Overall, grass eating is usually not toxic to your dogs unless your lawn contains chemicals, including pesticides or herbicides. Monitor your dog’s behavior along with his diet and exercise to determine if there is a reason for the inappropriate grass snacking.

Q. Wants to go out very frequently. Has fecal matter attached to anus but won’t let me remove it. She won’t sleep and wants to stay on my lap.
ANSWER : A. So I’m hearing a couple of problems going on. Frequent defecation with diarrhea (I’m assuming, since there’s fecal matter attached and the anus, and typically it only “sticks” when it’s soft) and lethargy/clinginess. Pretty general signs, however let’s focus on the diarrhea and assume it’s a GI thing. You didn’t tell me whether this is a cat or dog but I’ll assume dog since you said she goes outside to defecate.

Diarrhea may or may not be a sign of a serious disease. I don’t get especially concerned with one or two episodes in an animal who seems to feel completely normally otherwise, but what you’re describing sounds concerning. Your dog is restless, can’t get comfortable, and is somewhat needy – all of those indicate discomfort to me.

Without knowing how old your dog is it’s pretty difficult to get specific about causes, but I’ll mention some possibilities. Certainly parasites, including giardia, can cause diarrhea, as well as bacterial or viral infections in the gut. Indiscriminate eating, which dogs are master of, can cause diarrhea. Food allergies or sensitivities as well as inflammatory bowel disease are on the list. More serious causes include liver, kidney, or pancreatic disease, as well as intestinal cancers.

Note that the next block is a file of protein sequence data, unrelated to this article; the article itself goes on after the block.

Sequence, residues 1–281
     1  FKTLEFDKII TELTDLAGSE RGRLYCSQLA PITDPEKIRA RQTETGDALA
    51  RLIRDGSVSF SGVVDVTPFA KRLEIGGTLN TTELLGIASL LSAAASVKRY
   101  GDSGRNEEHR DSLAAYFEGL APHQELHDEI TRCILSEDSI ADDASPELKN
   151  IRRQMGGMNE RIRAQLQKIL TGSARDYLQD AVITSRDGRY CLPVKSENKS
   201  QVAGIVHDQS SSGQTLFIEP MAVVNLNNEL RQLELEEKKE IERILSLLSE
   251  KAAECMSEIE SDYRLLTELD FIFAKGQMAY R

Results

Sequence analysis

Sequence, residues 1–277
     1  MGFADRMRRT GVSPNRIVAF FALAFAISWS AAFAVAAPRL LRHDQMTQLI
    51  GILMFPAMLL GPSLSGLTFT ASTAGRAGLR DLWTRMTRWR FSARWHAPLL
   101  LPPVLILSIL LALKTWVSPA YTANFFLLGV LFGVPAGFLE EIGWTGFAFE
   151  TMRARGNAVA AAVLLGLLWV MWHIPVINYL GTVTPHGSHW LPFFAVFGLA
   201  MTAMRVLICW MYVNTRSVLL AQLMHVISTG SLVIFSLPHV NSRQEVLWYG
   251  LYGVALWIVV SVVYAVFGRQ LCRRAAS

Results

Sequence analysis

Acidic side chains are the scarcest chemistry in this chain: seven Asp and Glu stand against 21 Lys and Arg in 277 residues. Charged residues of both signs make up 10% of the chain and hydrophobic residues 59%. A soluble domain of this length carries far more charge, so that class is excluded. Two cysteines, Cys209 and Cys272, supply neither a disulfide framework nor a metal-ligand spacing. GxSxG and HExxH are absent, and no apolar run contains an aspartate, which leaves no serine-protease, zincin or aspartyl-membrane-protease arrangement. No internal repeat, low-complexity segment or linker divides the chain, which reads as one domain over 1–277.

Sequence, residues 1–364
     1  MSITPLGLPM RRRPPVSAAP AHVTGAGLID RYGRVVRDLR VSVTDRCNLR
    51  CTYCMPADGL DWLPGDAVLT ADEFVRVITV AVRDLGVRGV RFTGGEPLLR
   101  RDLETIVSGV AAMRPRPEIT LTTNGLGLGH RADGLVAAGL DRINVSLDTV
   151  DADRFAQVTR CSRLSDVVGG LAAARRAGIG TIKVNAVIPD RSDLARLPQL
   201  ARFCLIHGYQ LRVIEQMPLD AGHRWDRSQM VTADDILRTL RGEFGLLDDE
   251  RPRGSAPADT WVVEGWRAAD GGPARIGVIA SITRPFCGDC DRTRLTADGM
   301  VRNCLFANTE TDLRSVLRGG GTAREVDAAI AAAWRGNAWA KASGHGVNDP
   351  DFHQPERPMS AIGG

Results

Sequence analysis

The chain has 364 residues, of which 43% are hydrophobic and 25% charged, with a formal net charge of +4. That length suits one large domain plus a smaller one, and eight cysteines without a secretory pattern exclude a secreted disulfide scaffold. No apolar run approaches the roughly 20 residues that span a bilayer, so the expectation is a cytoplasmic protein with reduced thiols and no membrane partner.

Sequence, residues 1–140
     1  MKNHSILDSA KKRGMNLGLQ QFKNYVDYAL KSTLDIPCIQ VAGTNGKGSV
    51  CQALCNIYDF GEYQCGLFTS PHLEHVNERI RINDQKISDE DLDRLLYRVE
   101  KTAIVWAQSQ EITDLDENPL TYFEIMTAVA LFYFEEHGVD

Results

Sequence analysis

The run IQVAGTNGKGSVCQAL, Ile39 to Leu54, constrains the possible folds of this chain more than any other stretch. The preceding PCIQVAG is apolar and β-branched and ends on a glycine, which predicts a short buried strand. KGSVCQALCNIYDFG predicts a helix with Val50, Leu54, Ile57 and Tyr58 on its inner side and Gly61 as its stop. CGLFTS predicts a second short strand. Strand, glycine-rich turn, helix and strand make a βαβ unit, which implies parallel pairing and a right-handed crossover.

I’m hoping this has only been going on for a little while. You can try feeding a bland/high-fiber diet of boiled white meat chicken and white rice (25% chicken and 75% rice) in small (1/4 to 1/2 cup) amounts frequently (every two hours). If the diarrhea doesn’t resolve in 12 hours see a veterinarian. If she’s vomiting or won’t eat at all, see a vet sooner.

Read Full Q/A … : Leerburg

Q. Want a pet cat companion for my dog Lucky, who is 5. The problem is that I’m somewhat alergic to cats. So, not sure what to do!
ANSWER : A. Dogs can make friends with lots of species, including cats! If you are heart-set on a cat, allergenic breeds are available such as hairless or lesser haired Sphinx and Devon-Rexes. However these breeds can be rare and hard to find at times. A short-haired cat that is brushed regularly may also cause less allergies. Many people with allergies are also able to take medications such as a daily allergy medication or spray like Nasocrom which can make living with a cat much easier.

If your dog is very friendly with other dogs, then getting him a dog friend may be an option! That would keep you from needing to get a cat and having an allergic reaction. Looking at your local animal shelter may help you to find a dog for adoption that is similar in personality and play style to your current dog. Many shelters will also let you introduce your dog to the one you are interested in adopting to see if they will be a good fit! If you can’t get another pet at this time, taking your dog to a local dog park or dog meetup can help him to get more social interaction and get out extra energy without the need for caring for another pet.

Q. My cocker spaniel is 9 years old. He has involuntary bowel movements (little drops) very frequently, especially when he is asleep.
ANSWER : A. Is your dog on a senior dog food? I would get your dog on a high quality high protien dog food. Ask a pet store assosicate or your regular vet for a food recommendation. When you buy a better food the dog will have to eat less to get the same amount of energy from the food. The dog has to eat more of the cheaper foods to get the energy it needs from it. Meaning more poop and buying more food. So the cost really evens out. So the lessen your dogs bowel movements get on a better senior dog food. Next talk to your vet they may have a recommendation. If you switch dogs do it slowly by mixing the foods. Start with 10% new 90% old mixed for at least a week until you have switched to 100% new 0% old. Senior foods have more fiber to help with bowel movements. Take the dog outside to go potty more frequently, right before bed time.

Read Full Q/A … : Symptoms Questions & Answers